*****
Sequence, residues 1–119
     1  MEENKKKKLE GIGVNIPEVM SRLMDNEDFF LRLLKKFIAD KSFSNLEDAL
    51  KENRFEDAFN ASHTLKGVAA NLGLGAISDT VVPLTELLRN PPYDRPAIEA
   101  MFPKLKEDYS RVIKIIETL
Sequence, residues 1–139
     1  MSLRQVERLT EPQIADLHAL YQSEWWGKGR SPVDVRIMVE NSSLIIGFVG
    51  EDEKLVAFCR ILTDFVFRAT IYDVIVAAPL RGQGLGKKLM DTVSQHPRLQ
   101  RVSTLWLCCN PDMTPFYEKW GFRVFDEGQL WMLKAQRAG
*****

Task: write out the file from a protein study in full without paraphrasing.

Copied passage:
Sequence, residues 1–119
     1  MEENKKKKLE GIGVNIPEVM SRLMDNEDFF LRLLKKFIAD KSFSNLEDAL
    51  KENRFEDAFN ASHTLKGVAA NLGLGAISDT VVPLTELLRN PPYDRPAIEA
   101  MFPKLKEDYS RVIKIIETL
Sequence, residues 1–139
     1  MSLRQVERLT EPQIADLHAL YQSEWWGKGR SPVDVRIMVE NSSLIIGFVG
    51  EDEKLVAFCR ILTDFVFRAT IYDVIVAAPL RGQGLGKKLM DTVSQHPRLQ
   101  RVSTLWLCCN PDMTPFYEKW GFRVFDEGQL WMLKAQRAG